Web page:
WhatsApp, Telegram users susceptible to hack

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WhatsApp, Telegram users susceptible to hack

Services patch flaws found by Check Point.

Researchers have uncovered 'severe vulnerabilities' in WhatsApp and Telegram that would allow attackers to seize control of user accounts.

The two enormously popular apps use end-to-end encryption, enabling users to communicate privately.

But attackers can utilise a flaw in the way both chat apps process images and multimedia files to effectively hijack a user’s account, according to a report from security firm Check Point.

The vulnerability lies in the upload file mechanism, which enables users to attach several document types, such as Office documents, PDF, audio files, video and images.

Check Point was able to bypass the mechanism's restrictions by uploading a malicious HTML document with a legitimate preview of an image, duping a recipient into clicking on it.

At that point, the WhatsApp web client uses the FileReader HTML 5 API call to generate a unique BLOB URL, Check Point said; users are then hijacked to the malicious URL.

If exploited, the vulnerability could enable remote attackers to gain access to WhatsApp's and Telegram's local storage and thus take over any user's account and siphon out personal and group conversations, photos, videos and other shared files, contact lists, and more.

The implication is that the material could then be uploaded online under the user's identity, messages could be sent in their name, and their friends' accounts could also be targeted.

"Once bypassing WhatsApp and Telegram file upload security validations, attackers can add any HTML or JavaScript code that will be executed on the other side," Oded Vanunu, head of product vulnerability research at Check Point, said.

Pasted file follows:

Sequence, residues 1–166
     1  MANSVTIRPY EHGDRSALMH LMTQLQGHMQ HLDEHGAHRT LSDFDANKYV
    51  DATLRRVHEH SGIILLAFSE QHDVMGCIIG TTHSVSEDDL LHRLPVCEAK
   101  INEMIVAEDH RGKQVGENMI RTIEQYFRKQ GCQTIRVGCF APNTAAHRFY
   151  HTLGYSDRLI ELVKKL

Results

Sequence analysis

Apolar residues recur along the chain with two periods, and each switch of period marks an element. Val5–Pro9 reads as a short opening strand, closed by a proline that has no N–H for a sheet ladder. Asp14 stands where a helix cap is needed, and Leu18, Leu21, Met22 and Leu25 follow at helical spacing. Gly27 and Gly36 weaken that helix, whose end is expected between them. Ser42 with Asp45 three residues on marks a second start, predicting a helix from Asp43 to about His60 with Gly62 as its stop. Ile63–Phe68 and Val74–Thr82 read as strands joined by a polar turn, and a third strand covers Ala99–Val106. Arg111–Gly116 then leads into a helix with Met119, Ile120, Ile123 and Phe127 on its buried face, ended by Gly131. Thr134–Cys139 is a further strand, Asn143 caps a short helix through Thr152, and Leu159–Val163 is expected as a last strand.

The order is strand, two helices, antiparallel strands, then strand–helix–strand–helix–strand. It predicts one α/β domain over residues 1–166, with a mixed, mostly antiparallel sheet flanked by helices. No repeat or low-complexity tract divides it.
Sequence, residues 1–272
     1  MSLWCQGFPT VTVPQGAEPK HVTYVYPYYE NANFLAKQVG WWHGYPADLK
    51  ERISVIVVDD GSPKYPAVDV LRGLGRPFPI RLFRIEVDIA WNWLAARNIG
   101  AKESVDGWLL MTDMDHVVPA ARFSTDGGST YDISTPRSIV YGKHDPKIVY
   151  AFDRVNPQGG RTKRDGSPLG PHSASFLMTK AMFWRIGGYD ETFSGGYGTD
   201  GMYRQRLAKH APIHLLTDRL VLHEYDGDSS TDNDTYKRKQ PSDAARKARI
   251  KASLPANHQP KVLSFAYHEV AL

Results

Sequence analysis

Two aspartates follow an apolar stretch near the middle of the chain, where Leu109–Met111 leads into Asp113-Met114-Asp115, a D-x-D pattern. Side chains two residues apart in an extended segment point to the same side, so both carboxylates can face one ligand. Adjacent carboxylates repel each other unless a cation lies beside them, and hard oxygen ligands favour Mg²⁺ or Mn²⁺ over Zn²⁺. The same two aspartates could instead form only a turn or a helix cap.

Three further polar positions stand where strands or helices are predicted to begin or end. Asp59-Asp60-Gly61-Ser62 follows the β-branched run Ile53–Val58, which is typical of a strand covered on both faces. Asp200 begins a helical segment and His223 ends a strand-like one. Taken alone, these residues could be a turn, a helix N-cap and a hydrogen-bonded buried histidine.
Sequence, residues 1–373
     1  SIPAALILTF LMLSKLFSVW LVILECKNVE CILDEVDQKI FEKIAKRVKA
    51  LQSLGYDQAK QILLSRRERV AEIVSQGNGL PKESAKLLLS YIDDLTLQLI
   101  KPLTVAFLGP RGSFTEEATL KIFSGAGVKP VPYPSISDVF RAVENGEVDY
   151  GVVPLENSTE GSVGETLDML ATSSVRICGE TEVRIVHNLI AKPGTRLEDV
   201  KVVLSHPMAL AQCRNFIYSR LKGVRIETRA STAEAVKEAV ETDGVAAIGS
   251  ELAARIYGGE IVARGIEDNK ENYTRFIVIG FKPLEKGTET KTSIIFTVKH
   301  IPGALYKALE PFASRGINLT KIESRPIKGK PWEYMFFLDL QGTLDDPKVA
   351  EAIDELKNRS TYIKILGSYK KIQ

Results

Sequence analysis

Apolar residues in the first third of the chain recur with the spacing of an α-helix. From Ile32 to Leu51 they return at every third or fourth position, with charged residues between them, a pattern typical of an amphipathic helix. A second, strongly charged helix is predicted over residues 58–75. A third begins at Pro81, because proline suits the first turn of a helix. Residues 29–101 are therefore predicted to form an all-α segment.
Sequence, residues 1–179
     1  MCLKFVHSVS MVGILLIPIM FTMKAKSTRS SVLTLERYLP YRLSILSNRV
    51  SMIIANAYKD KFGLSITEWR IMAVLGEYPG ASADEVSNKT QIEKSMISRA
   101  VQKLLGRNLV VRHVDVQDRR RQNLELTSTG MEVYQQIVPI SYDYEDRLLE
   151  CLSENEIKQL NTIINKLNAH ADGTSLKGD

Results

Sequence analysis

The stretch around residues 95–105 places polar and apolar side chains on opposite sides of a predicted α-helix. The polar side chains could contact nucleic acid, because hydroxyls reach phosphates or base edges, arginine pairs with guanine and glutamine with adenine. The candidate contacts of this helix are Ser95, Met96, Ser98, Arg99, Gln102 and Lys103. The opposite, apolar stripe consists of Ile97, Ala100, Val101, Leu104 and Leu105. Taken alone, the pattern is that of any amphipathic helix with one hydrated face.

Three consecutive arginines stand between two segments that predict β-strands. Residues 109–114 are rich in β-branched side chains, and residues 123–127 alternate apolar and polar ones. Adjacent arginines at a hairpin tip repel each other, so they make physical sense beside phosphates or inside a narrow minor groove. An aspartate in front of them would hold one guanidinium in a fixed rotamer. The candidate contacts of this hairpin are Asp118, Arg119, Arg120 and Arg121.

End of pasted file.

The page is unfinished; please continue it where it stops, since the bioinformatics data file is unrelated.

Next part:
Both apps, he said, are using image or video with malicious HTML or JavaScript code - there is no difference in the two attack methods.

With WhatsApp, once opened the code allowed attackers to get into the user's local storage and then their account. In Telegram, however, the attack required more specific actions; a user would need to open the video in a separate Chrome tab.

"Since messages were encrypted without being validated first, WhatsApp and Telegram were blind to the content, thus making them unable to prevent malicious content from being sent."

The WhatsApp and Telegram mobile apps are unaffected by these vulnerabilities - the scope of the attack is limited to their web applications.

Following Check Point's disclosure of the flaw on March 7 to the security teams at WhatsApp and Telegram, the companies each quickly issued a fix. Users are advised to make certain they are using the latest version and to restart their browsers.

"Following the patch of this vulnerability, content is now validated by WhatsApp and Telegram before the encryption, allowing them to block malicious files," the report said.

The good news is that the flaw has not yet been detected in the wild, Vanunu said. But that does not mean users are safe, as WikiLeaks documents have provided evidence that governments are attempting to find such vulnerabilities, he said. 

WhatsApp has more than one billion users worldwide, while Telegram has more than 100 million monthly active users.

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